Under Swiss law, an annuity is protected from the owner's creditors if the beneficiaries consist of family members or if the owner has made a beneficiary designation that is irrevocable. For an owner in the US, that protection is not an impenetrable barrier to the winner of a lawsuit, but it is a barrier, and it makes the annuity a less-than-ideal prize for an attacker.
Earnings that are accumulating in a Swiss annuity are not eligible for tax deferral for a US taxpayer. The advantages are currency protection, the reliability of Swiss insurance companies and a measure of asset protection.
Rung 5: Foreign Real Estate
Owning real estate in another country gives you a suite of protections that distinguishes it from other steps toward internationalization.
First, the property's value will depend on economic conditions in the country you've chosen, not on what happens in the US. If the economy of the foreign country grows and prospers, there is likely to be a spillover effect on the market value of your house, apartment, farm or patch of land – regardless of what is going on in the US.
Second, a foreign real estate investment would be hard to digest for any future capital controls imposed by the US. New rules could compel you to repatriate the cash you have in a foreign bank; rules forcing you to liquidate your foreign real estate and bring the money home would be another matter. Selling real estate isn't quick or easy. How does the government compel an unwilling citizen to do what an eager seller often finds difficult to accomplish?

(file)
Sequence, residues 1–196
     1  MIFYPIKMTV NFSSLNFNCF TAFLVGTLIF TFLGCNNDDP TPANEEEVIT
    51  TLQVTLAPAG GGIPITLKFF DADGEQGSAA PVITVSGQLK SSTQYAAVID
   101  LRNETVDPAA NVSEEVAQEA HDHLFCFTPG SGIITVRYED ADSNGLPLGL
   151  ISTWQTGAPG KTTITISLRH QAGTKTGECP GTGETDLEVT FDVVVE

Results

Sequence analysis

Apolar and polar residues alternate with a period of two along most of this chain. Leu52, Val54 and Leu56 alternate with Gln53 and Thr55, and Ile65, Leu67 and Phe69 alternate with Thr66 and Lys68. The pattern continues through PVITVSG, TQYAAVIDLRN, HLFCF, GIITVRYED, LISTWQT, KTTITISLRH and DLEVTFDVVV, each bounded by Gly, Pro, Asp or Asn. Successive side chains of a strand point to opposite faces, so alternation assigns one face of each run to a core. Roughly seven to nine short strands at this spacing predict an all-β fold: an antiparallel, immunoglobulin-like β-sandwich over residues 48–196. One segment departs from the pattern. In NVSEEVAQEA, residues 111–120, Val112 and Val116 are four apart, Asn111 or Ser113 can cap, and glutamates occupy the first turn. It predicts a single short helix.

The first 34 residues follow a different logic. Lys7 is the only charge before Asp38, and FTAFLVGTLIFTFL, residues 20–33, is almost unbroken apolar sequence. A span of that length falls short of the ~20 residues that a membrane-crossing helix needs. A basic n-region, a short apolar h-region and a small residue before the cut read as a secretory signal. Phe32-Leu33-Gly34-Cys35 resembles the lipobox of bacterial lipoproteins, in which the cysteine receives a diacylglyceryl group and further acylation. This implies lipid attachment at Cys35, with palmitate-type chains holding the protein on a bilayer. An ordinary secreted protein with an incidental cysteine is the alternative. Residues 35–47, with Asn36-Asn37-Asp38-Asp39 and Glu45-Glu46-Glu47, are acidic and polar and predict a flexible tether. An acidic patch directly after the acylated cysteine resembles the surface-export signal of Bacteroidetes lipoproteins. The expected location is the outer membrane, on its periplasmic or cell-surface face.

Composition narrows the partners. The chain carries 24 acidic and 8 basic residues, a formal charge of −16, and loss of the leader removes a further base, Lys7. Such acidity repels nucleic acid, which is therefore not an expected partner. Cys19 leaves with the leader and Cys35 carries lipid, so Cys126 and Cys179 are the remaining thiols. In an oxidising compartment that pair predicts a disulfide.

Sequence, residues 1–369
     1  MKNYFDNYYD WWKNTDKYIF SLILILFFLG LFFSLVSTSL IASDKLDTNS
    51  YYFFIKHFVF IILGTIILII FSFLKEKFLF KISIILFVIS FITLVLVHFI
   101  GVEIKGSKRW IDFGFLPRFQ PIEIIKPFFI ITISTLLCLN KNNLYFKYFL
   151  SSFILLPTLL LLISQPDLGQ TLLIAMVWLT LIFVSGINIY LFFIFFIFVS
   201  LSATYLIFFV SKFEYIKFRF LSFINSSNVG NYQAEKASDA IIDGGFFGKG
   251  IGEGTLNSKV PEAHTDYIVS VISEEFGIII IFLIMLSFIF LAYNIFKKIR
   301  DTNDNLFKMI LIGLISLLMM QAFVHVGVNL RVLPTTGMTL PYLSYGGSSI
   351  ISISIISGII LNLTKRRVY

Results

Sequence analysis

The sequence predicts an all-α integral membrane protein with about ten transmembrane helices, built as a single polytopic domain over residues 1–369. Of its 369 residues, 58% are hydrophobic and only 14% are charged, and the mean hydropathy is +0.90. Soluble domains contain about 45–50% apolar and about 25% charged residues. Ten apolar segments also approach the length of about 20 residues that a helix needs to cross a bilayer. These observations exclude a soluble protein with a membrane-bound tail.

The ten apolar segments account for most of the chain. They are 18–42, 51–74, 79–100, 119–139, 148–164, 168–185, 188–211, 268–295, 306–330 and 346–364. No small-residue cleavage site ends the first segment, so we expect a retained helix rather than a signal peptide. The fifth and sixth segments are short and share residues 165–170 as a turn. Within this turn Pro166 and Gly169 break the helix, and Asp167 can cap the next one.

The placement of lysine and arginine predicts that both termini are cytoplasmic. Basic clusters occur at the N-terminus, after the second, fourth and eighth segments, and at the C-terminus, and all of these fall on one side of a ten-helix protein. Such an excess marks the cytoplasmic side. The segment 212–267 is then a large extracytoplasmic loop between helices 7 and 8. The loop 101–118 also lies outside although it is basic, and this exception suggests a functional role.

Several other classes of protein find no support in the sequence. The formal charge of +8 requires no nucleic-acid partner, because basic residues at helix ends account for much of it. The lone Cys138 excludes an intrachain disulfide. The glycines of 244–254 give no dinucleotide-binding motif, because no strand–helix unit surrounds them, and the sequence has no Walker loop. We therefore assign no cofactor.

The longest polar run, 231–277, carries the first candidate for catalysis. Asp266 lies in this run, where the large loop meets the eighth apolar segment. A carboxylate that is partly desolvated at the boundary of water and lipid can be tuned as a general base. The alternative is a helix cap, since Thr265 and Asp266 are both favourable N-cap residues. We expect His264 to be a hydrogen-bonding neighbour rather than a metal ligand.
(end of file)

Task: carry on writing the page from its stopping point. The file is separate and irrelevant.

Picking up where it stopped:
Third, as a potential prize for a lawsuit attacker, foreign real estate is a stinker. Even if he wins a judgment against you, foreclosing on your foreign property would be difficult to impossible, since it would require the cooperation of the courts in the foreign country, about whose rules and procedures the attacker's attorney probably knows nothing. But he does know that even if he persuades a court in the US to order you to sell the property, the inherent illiquidity of real estate would give you plenty of opportunities for foot-dragging.
Where to buy? The whole world is open to you... which can be a problem. So many possibilities and no obvious place to start. One approach is to think about where you've been that you'd like to visit again or about some place you've long wanted to see. Plan to spend a few weeks there. Minimize your hotel hours, to maximize your exposure to the rest of the locale. Try to meet Americans, perhaps expatriates, who know their way around the place and who can point you toward a real estate broker who won't try to treat you as an out-of-town sucker.
Buying foreign real estate isn't for everyone. It requires a big investment in time and effort, but it could repay you with an asset that is low on the list of things anyone might try to take from you.
Rung 6: A Foreign LLC for Investments
A limited liability company organized under the laws of a foreign country is easy to set up and not too expensive. To bring the company into existence, you (or a service you hire) would file a simple form with a government office in the country you've chosen and pay a small fee. Then you as the LLC's Manager and you as the LLC's owner would enter into an agreement (the "operating agreement") that would be the company's governing instrument.